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Pumping Lemma and Limitation of Finite State Machines Part B) (Team-Assignment-04, 15 points) To complete the proof that

`L={0^(k)1^(k),k>=0}`

cannot be recognized by a finite-state machine, we show that the hypothesis of the conditional statement you have written down in Part A) is true for

`L={0^(k)1^(k),k>=0}`

. Your Proof: (Hint. Generalizing from generic particular and proof by cases)In class, we used as an example the relationship between regular expressions and finite-state machines to illustrate the importance of proofs in computing. We learned that finite-state machines are powerful enough to recognize subsets of strings that can be described by a regular expression. There are, however, subsets of strings that cannot be described by a regular expression; or put it in another way, there are subsets of strings that cannot be recognized by any finite-state machine. Your task in this exercise is to prove that it is impossible to design a finite-state machine to recognize the following subset of strings:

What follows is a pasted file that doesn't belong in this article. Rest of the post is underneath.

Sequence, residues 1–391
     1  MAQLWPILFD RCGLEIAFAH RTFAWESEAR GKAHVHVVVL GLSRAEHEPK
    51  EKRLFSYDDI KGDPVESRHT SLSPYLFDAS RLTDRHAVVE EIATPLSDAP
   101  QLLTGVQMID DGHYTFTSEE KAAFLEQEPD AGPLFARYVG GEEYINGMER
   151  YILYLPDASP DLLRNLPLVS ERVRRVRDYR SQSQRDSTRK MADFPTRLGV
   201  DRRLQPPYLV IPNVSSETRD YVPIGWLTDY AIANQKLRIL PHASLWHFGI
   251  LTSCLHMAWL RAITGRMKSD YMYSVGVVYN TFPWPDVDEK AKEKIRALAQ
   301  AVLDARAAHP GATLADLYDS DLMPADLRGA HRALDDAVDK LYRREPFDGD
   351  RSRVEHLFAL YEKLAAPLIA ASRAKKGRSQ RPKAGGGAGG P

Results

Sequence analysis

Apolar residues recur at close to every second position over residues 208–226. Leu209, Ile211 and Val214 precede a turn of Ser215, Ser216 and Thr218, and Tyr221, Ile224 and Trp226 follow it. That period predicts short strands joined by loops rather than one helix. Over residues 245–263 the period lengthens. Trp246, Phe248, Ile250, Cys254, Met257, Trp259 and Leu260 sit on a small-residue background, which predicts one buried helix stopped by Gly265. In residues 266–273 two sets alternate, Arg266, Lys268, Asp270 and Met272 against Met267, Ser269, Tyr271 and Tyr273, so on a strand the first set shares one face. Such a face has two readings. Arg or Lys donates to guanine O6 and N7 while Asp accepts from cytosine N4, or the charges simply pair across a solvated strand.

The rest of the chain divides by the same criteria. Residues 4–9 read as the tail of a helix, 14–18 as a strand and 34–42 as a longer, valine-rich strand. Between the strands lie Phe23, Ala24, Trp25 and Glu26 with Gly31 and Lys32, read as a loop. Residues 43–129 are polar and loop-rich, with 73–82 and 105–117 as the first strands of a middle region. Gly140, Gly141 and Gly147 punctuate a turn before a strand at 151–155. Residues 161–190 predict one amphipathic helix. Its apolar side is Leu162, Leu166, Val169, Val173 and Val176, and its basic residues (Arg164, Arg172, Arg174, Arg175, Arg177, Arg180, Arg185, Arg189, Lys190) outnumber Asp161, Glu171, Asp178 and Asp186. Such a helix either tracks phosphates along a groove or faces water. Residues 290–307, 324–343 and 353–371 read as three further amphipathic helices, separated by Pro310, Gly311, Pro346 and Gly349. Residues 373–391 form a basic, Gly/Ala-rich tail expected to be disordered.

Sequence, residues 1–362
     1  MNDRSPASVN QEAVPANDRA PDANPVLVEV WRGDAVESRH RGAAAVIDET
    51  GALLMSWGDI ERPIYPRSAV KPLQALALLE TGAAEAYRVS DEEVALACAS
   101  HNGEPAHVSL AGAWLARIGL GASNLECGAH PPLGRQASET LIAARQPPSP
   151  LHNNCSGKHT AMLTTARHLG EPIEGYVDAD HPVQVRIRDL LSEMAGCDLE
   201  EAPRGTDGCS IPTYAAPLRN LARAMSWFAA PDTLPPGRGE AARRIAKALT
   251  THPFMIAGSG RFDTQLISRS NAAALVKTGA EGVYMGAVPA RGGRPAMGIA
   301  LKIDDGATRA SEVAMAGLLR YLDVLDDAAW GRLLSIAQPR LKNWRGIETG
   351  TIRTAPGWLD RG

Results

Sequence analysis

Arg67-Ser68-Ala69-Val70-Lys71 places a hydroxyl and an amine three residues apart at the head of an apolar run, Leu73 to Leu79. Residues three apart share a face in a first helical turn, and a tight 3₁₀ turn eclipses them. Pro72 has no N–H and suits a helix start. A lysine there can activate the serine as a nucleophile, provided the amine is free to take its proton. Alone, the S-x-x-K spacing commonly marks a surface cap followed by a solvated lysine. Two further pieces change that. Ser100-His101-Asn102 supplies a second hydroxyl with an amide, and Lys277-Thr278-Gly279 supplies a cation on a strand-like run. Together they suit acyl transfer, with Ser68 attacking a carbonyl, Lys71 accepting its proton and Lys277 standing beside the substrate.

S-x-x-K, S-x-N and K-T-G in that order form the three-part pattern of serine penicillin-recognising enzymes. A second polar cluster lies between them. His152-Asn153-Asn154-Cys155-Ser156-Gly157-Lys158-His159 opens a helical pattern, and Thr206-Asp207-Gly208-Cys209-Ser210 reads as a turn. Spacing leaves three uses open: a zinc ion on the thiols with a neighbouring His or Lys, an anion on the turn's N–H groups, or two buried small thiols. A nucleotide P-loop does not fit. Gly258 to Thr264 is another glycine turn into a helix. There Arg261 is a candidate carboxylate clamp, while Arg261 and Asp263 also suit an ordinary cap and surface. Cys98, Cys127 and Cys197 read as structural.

`L={0^(k)1^(k),k>=1}`

— the set of binary strings having one or more zero's followed by an equal number of one's. For this purpose, we need to make use of the contrapostive of the conditional statement in the following simplified version of the well-known Pumping Lemma in theory of computation, which gives an easy-to-use necessary condition for the existence of a finite-state machine that accepts a given set of strings. Pumping Lemma If a set of strings,

`L`

, is accepted by some finite-state machine, there must exist three strings

`x,y`

, and

`z`

, with

`y`

containing one or more characters, such that

`xy^(n)zinL,AAn>=0`

. Part A) (Team-Assignment-03, 15 points) Write down the contrapostive of conditional statement in the Pumpimg Lemma.